Half of America wanted to call in sick to work today. The Portland Trail Blazers probably should have taken the hint.
In one of the most one-sided contests in recent team history, the Los Angeles Clippers pummeled the Blazers by a final score of 111-80, after leading by as many as 48 points in the third quarter.
Blake Griffin led the way for the Clippers with 22 points, 13 rebounds, and 5 assists in only 26 minutes. Chris Paul chipped in 19 points and 7 dimes. For the Blazers, Damian Lillard and CJ McCollum finished with 8 points each(!) and shot a combined 5-21(!) from the field.
The Clippers opened the game with near-flawless execution, creating inside scoring opportunities at will and hitting their first six shots. The Clippers defense also looked near-perfect as they repeatedly forced the Blazers into contested jumpers. The results weren’t pretty: the Blazers were down 36-16 after one. Griffin, especially, was locked in and finished the quarter with 14 points and 7 rebounds.
The bench units opened the second quarter and, true to form so far this season, the Blazers reserves failed to make a dent in the lead. The Portland backups did look a little better on defense, but the Clippers energy and cohesiveness, combined with crisp passing, was enough to create some open looks. The lead swelled to 50-18 before Head Coach Terry Stotts called a timeout. The Blazers were 8-28 from the field and 0-10 on three-pointers at that point. Stotts tried a three-guard lineup with Evan Turner at power forward in an effort to create some offense, but they had little success. The Clippers led 61-32 at the half.
The Blazers completely surrendered in the third quarter, and were content to watch the Clippers score at will in transition and in the half court. At one point LA scored 16 consecutive points as the lead ballooned to 87-43 and the starters were finally, mercifully, sent to the bench.
A wise man once told me that it shouldn’t take 1500-words to describe a butt-kicking. So here’s the abbreviated summary: The Blazers got rocked in every facet of the game tonight from the opening tip. They never had a chance.
More specifically, the Blazer defense was so bad that half the people who looked at it turned to stone on the spot. The Clippers waltzed into the lane on nearly every possession early in the game to the tune of 20 first quarter points in the paint. At half time, the Blazers had 14 defensive rebounds...and the Clippers had 10 offensive rebounds. By the third quarter the Portland players had literally given up:
Griffin and Paul, especially, looked unstoppable. Griffin was handling the ball with confidence, punishing the Portland defenders around the hoop, dominating the glass, and generally playing like an evolved version of Charles Barkley circa 1988. Blazer’s Edge has covered the matchup problems that Paul creates before, and tonight was no exception - he outsmarted every defender that Stotts threw at him and regularly created mismatches that led to scoring opportunities.
In several other games this season, lackluster, or even eye-searingly bad, defense would not have sunk the Blazer boat. Usually they have the offensive firepower to put up 115 points and stay in the game.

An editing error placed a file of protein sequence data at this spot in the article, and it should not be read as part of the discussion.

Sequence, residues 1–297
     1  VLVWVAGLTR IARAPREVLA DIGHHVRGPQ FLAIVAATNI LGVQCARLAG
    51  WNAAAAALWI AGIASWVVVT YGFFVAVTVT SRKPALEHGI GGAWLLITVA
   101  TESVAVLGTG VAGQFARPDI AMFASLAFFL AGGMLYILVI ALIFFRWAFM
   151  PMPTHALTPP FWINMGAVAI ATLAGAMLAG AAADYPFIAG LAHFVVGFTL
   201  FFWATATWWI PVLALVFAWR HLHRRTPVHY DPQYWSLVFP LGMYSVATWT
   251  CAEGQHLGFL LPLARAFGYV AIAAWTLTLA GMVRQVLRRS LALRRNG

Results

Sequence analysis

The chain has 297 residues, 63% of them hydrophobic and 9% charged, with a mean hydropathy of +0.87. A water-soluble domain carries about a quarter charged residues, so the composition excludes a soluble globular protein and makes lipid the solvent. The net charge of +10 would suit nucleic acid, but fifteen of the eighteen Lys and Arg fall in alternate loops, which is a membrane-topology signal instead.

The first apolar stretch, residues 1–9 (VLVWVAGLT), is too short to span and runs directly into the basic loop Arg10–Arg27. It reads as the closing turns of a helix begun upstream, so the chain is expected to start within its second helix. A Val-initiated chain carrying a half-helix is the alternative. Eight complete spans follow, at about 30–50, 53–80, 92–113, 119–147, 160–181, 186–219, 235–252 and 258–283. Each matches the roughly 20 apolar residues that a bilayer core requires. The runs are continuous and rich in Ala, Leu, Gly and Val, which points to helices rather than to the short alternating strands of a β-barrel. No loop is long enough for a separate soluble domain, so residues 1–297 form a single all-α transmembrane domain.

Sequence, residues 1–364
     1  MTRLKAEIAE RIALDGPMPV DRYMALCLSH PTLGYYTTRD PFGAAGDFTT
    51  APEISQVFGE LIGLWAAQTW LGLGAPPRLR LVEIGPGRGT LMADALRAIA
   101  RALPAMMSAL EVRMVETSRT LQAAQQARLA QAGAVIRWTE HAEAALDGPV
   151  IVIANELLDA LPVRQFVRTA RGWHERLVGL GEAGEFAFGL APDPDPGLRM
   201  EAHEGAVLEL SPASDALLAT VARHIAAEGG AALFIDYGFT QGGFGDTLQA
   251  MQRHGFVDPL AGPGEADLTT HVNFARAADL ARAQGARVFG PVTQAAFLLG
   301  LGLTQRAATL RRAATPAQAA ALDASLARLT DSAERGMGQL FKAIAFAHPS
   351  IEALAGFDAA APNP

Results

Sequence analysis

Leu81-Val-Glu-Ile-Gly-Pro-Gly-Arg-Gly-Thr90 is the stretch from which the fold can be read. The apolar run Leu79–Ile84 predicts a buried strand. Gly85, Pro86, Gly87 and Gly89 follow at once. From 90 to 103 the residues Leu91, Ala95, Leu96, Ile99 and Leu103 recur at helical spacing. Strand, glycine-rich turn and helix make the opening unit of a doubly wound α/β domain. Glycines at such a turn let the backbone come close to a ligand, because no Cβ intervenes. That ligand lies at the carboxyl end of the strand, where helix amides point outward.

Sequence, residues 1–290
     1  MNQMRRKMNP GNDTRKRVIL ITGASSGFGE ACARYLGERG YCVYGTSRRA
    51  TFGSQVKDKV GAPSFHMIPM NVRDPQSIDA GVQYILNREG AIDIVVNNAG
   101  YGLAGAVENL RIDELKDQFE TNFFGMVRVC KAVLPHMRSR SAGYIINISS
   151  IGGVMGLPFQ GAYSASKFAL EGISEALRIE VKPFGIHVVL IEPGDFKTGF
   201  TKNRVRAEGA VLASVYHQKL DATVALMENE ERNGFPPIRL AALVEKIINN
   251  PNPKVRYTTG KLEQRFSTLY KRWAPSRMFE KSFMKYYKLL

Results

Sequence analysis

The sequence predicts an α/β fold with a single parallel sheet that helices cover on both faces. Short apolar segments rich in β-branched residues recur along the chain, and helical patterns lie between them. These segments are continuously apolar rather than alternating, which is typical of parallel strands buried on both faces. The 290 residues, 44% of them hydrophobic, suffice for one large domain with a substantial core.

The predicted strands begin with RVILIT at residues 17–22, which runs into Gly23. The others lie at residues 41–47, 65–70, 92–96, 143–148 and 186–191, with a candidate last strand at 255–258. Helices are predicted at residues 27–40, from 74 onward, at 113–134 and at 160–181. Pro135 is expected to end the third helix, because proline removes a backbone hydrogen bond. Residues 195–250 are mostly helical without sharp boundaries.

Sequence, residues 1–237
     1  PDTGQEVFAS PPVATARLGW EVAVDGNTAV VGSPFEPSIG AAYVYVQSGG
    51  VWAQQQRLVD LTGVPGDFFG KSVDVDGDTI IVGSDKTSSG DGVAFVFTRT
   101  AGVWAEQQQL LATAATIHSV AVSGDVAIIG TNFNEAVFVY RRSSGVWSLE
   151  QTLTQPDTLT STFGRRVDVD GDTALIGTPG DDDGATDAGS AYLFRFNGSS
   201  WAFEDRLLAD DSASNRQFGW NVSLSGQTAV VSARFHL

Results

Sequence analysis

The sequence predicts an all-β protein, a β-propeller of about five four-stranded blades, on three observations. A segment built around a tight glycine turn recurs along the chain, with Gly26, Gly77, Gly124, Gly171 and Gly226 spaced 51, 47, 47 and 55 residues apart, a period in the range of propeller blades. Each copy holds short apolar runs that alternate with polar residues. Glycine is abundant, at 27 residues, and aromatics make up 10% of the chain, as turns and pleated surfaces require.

That was not the case tonight.
The Blazers shot only 1-13 from 3 and 12-40 from the field in the first half. Several players had a classic case of Mike Barrett’s “just not hitting shots they normally make,” but the Clippers defense also deserves credit for overwhelming the Blazers.
LA completely sold out to challenge every shot that McCollum and Lillard took to great effect. Mason Plumlee was regularly left open for mid-range jumpers as the Clippers picked a “poison” that turned out to be fruit juice. Noah Vonleh was allowed to try not-quite-there-yet post moves against veteran defenders. And DeAndre Jordan sagged off the ineffectual Portland centers to bother every lay-up attempt a penetrating guard could muster. The result was repeated possessions with minimal passing that ended in a contested jump-shot.
When the dust had cleared the only solace of the night was that this didn’t turn into the worst loss in team history.
The Clippers defense did a masterful job on Damian Lillard. Concerningly, he was also clutching at his previously injured left index finger during the third quarter.
CJ McCollum had a couple moments on offense, showing off fancy ball-handling and shot making ability, but with Lillard shut off he was also unable to get anything going.
Mason Plumlee had plenty of opportunities to hit mid-range shots and completely bombed, finishing 1-12 from the field. Jordan completely dominated him on the boards too, at one point coming from behind to literally take a rebound out of Plumlee’s hands.
Noah Vonleh has shown a couple flashes of offensive potential in the post this season, but ultimately he still has to significantly refine his skills to challenge elite teams.
Meyers Leonard was one of the only Blazers who was active on defense tonight. Unfortunately he also made characteristic mistakes on offense.
Allen Crabbe was a another semi-bright spot. He was active on offense and regularly put himself in position to take advantage of Clipper double teams via cuts along the baseline. Unfortunately he’s not adept enough on offense to actually create opportunities when McLillard is being smothered. Crabbe finished with 9 points on 6 field goal attempts.
Don’t bother clicking this box score.
Clips Nation is probably starting to dream of no. 1 seeds.
Instant recap from Blazer’s Edge. (And the actual box score.)
Eric Griffith | GoBlazers87@gmail.com | @DeeringTornado